Behaviourism is a school of thought that focuses on a humankind. In the centre of its interest is the behaviour of an individual, his observations, and analysis. Classical behaviourism is based on experiments conducted by the Russian physiologist IP Pavlov and is represented for example by J. B. Watson. Classical behaviourism is based on the assumption that the proper scientific approach in psychology orients on observable and measurable behaviour.
Consciousness and mental states are considered as elusive and derived, scientific approach is limited according to classical concepts of behaviourism on recording of physical, muscular, and physiological responses. Such an approach is one of the radical behaviourism.
Ivan Petrovich Pavlov
Ivan Petrovich Pavlov is person who is inherently linked with behaviourism. Ivan Petrovich Pavlov was a major physiologist, professor of physiology and discoverer of the function of conditioned reflex. He examined the nerves of the heart, the physiology of digestion, and a conditioned reflex. In 1907, he won the Nobel Prize.
Ivan Petrovich Pavlov left his original theologically oriented profession, because he was inspired by progressive ideas of D.I. Pisarev (the most important Russian literal critic after 1860) and I.M. Sechenov (the father of Russian physiology) and has dedicated his life to science.
Ivan Petrovich Pavlov immerses himself to studying physiology, which remained essential and most important subject of study throughout his life. In 1855, Ivan Petrovich Pavlov completed his course with outstanding grades and received the title of "candidate of natural sciences."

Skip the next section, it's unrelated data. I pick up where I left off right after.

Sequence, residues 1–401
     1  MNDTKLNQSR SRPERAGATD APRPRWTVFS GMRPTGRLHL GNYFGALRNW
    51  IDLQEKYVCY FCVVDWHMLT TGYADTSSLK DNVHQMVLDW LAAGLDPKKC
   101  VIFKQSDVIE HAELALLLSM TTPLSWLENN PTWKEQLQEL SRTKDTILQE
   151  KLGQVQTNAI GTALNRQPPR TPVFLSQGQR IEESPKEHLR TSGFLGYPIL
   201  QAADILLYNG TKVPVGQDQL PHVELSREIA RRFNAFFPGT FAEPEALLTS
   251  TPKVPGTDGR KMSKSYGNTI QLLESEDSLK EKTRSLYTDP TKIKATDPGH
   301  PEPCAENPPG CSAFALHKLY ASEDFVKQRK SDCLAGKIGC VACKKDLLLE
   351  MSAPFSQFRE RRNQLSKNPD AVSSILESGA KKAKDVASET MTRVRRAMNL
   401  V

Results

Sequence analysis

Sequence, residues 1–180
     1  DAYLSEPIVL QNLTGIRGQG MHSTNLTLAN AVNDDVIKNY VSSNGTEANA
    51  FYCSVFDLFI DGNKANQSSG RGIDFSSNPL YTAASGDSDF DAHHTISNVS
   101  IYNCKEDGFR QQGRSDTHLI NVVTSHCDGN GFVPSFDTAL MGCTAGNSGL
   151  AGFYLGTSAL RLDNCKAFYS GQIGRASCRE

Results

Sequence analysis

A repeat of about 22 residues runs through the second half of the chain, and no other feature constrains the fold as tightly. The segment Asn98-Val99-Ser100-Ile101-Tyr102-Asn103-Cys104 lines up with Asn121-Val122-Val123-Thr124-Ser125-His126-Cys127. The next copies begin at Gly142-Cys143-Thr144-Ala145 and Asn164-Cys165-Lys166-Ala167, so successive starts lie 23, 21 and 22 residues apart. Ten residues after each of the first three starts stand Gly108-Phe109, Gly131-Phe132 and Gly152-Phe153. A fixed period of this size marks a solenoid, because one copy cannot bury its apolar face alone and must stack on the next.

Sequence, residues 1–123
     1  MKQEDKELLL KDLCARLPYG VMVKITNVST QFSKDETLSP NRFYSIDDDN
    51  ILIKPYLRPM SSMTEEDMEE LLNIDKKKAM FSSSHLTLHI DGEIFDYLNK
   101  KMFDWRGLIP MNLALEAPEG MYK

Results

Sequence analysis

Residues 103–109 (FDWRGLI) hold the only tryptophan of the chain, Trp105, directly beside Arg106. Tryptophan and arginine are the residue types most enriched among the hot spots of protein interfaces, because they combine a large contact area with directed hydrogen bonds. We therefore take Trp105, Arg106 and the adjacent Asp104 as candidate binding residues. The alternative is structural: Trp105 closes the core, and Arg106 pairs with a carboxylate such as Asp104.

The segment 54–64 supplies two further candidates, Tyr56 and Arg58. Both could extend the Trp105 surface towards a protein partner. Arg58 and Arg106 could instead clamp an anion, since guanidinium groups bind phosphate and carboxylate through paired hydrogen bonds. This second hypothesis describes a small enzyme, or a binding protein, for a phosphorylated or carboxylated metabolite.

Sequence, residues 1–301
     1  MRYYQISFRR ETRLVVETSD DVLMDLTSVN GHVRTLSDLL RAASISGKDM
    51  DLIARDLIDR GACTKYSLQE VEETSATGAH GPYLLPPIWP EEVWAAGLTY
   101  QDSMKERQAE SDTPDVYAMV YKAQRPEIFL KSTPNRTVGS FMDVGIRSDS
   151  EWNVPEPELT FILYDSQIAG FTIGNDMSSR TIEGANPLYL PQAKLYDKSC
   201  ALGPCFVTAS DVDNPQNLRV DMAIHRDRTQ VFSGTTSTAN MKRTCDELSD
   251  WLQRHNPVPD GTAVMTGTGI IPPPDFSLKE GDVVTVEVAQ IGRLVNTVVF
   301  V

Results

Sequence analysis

Based on his actual enthusiastic and interest in physiology, he decided to continue his studies, and he started study the Academy of Medical Surgery into third year. In 1879, he graduated and was awarded with a "gold medal". After a competitive examination, Ivan Petrovich Pavlov won membership in the Academy. This enables him, together with his function "director of the Physiological Laboratory" at the clinic of the famous Russian clinician S.P. Botkin, to continue his research work. Pavlov's research of the physiology of digestion led him to create a science of conditioned reflexes. In his study of the reflex regulation of the activity of digestive glands, Pavlov paid special attention to the phenomenon of "psychic secretion", which is caused by food stimuli that are at a distance from the animal. This discovery of function of conditioned reflexes made it possible to study all psychic activity objectively, instead of resorting to subjective methods as had hitherto been necessary. It was now possible to investigate by experimental means the most complex interrelations between an organism and its external environment.
In 1903, at the 14th International Medical Congress in Madrid, Pavlov spoke with a dissertation "Experimental Psychology and Psychopathology of animals." In this treatise he defined conditionality and were determined other reflexes, and it was shown that conditioned reflex should be considered an essential psychological phenomenon, which is also the physiological.
Pavlov and reflex theory
As guiding principles of materialistic teaching on the laws of governing activities of living organisms Pavlov deduced for theory of reflexes into 3 principles:
- Principle of determinism
- Principle of analysis and synthesis
- Principle of structure
Pavlov development of these principles, and also his school helped greatly towards to build up of a scientific theory of medicine, and towards the discovery of the laws governing the functions of the organism as a whole.